Heart Health and Our Flexitarian Dinner Challenge

In honor of Women’s Heart Health Month, I would like to share with you the heart health benefits of a flexitarian diet. A flexitarian — or flexible vegetarian — is someone who eats mostly plant-based foods but occasionally eats meat, poultry and fish.

In this two part post I will give some  information on women’s heart health and the guidelines for a flexitarian dinner that Michael and I will host in our home.

We are inviting friends to cook and share meatless dishes that are healthy,  appetizing, and delicious enough to convince people to give up meat once in a while.

My hope is that by having the dinner, my guests and I will be introduced to dishes that make meatless meals less intimidating.

After the dinner, I’ll report what dishes were served along with how well they were received.

Why Heart health for women?

More than 42 million women are currently living with some form of cardiovascular disease. More than 8 million women have a history of heart attack and/or angina, a chest pain or discomfort that occurs when an area of your heart muscle doesn’t get enough oxygen-rich blood.

Five and a half million women will suffer angina,  chest pain or discomfort that occurs when an area of your heart muscle doesn’t get enough oxygen-rich blood

Heart disease is the leading cause of death of American women, killing more than a third of them.

35.3% of deaths in American women over the age of 20, or more than 432,000, are caused by cardiovascular disease each year.

More than 200,000 women die each year from heart attacks- five times as many women as breast cancer.

More than 159,000 women die each year of congestive heart failure, accounting for 56.3% of all heart failure deaths.

For African American women, the risk of heart disease is especially great. Heart disease is more prevalent among African American women than Caucasian women, as are some of the factors that increase the risk of developing it— such as high blood pressure, being overweight, and having diabetes.

Hispanic women also have high rates of some factors that increase the risk of developing heart disease, such as diabetes, being overweight or obese, and physical inactivity. Some 83 percent of midlife Hispanic women are overweight or obese, and more than 10 percent have been diagnosed with diabetes.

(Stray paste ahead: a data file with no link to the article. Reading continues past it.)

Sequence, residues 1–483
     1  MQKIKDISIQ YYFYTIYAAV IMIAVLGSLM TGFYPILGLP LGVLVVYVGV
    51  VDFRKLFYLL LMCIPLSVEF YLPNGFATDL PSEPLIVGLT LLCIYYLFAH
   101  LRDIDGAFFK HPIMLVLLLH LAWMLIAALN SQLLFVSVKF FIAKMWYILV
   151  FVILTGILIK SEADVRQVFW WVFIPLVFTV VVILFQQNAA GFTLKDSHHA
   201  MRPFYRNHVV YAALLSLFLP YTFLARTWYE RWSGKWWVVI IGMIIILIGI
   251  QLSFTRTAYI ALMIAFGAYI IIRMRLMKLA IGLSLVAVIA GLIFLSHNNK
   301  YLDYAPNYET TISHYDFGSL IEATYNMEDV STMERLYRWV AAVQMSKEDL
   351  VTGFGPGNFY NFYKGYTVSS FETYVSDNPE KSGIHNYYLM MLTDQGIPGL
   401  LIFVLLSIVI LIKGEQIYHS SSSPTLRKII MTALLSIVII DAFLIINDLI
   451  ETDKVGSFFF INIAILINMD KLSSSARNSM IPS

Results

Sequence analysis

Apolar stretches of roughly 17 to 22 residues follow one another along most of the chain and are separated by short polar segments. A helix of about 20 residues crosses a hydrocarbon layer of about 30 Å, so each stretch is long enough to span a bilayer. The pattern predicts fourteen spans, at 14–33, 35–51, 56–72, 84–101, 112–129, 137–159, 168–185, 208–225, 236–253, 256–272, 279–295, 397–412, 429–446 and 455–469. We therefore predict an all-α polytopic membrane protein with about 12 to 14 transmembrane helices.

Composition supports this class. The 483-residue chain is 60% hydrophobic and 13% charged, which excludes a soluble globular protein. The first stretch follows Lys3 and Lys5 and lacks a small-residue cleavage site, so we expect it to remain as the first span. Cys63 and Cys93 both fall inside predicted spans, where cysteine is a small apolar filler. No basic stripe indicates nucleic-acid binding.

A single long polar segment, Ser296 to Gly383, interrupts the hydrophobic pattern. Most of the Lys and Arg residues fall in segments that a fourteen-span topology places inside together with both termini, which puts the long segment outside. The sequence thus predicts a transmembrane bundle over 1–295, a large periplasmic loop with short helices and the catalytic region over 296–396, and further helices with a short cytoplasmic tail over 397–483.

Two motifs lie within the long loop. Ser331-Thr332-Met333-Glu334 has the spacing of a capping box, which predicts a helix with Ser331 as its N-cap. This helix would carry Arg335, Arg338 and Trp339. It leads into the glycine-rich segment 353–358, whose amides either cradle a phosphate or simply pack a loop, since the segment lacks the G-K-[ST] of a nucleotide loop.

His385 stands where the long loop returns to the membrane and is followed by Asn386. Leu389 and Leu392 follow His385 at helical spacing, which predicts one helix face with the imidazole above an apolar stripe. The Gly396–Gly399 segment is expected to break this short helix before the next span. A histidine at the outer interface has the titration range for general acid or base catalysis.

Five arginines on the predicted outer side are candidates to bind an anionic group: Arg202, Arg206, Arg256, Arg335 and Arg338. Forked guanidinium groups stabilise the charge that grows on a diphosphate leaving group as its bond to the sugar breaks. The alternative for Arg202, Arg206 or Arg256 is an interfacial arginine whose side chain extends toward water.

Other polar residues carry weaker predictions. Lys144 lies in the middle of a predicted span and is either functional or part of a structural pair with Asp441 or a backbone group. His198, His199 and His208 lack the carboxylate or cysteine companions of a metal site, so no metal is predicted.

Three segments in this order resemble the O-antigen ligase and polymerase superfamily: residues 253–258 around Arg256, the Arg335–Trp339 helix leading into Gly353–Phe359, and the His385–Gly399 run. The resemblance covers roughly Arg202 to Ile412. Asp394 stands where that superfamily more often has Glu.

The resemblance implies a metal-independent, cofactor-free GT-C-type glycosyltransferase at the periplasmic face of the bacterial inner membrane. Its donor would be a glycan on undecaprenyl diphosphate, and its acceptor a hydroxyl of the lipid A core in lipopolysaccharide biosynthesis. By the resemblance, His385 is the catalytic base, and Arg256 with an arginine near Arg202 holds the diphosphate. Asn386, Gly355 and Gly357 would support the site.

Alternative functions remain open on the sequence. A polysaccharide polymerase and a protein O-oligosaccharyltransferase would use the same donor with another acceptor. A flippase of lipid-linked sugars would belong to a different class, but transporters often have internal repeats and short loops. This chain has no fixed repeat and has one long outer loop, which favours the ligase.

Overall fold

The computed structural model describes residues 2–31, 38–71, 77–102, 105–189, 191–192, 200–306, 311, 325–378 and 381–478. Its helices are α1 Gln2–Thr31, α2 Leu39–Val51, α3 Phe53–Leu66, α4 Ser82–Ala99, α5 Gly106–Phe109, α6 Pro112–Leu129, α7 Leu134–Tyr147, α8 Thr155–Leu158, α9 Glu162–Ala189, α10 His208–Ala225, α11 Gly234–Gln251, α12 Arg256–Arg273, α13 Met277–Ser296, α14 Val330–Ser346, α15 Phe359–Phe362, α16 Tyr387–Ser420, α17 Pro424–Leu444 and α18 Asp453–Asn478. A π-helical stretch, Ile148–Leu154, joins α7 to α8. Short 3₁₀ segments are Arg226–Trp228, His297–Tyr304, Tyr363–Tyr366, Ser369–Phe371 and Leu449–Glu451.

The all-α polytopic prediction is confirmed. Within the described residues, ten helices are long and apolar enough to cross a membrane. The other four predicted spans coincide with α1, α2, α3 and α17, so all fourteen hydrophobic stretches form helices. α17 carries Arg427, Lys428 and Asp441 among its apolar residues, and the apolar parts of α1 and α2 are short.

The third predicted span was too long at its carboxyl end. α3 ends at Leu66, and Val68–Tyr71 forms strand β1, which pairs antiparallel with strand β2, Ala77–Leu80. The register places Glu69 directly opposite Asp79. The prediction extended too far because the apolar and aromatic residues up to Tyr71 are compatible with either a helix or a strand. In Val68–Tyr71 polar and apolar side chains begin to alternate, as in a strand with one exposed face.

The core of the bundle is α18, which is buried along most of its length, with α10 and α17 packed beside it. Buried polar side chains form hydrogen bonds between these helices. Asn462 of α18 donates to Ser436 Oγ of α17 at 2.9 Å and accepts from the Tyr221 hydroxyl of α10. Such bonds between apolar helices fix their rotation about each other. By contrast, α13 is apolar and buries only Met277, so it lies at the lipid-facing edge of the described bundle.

More than 80 percent of midlife African American women are overweight or obese, 52 percent have high blood pressure, and 14 percent have been diagnosed with diabetes.

Facts from the National Heart Lung and Blood Institute articles “What is Aginga” and “Heart Truth“.

Why Flexitarianism?

Eating a plant-based diet has many health benefits. People who follow a vegetarian diet generally eat fewer calories, weigh less and have lower cholesterol levels than do nonvegetarians. If giving up meat all together seems too drastic for you, flexitarianism might be a good compromise.

By enjoying the benefits of a plant based diet — without giving up ALL of the other foods you love — you will be positioned to prevent the conditions that could lead to poor heart health.

Participating in the Flexitarian Dinner Challenge

We are asking each guest to bring a vegetarian dish to the event.  The dish cannot be a dessert! Since the best way to really know what we are eating is to make it ourselves, we are asking everyone to cook their own dish! Sorry folks NO store bought dishes.

Here are some tips we are offering participants:

A Successful Dish in the Flexitarian Challenge should be…

Healthy: The dish should have moderate calories and be limited in saturated fat, trans fat, cholesterol, and sodium. The recipes should use some of the following: beans, whole grains, fruits and vegetables, lots of herbs and spices for flavor, and small amounts of vegetable or olive oils.

Simple: The number of ingredients should be limited and easily found in most major grocery stores. Dishes should appeal to children and adults alike.

Delicious: Of course it should be!

Each participant will present a tasting (2-3 bites) of their dish.  During their presentation, they will have the chance to tell us what they are serving (think Iron Chef) while also discussing key ingredients and nutritional information.

Judges will rate their dish in 4 categories:

  1. Presentation (10%)
  2. Nutritional value/knowledge given (30%) – give us the numbers, we want to know
  3. Taste (40%)
  4. “Flexitarian” – ism (20%) (wow, I would give up meat if I could eat this everyday)

Bonus Points

  1. I “flexed” for a week bonus (5%) – Participants will be given 5 pts for taking a break from meat. If they pledge not to comsume any meat starting Monday February 28  — and stick to the plan — they will get 5pts added to their total score.

After everyone has presented our guest judges will tally their votes and announce the winners! Yes, there will be a prize for 1st place!

Do you want to try the flexitarian challenge?  What are you thinking of cooking?  Leave a comment and let us know!

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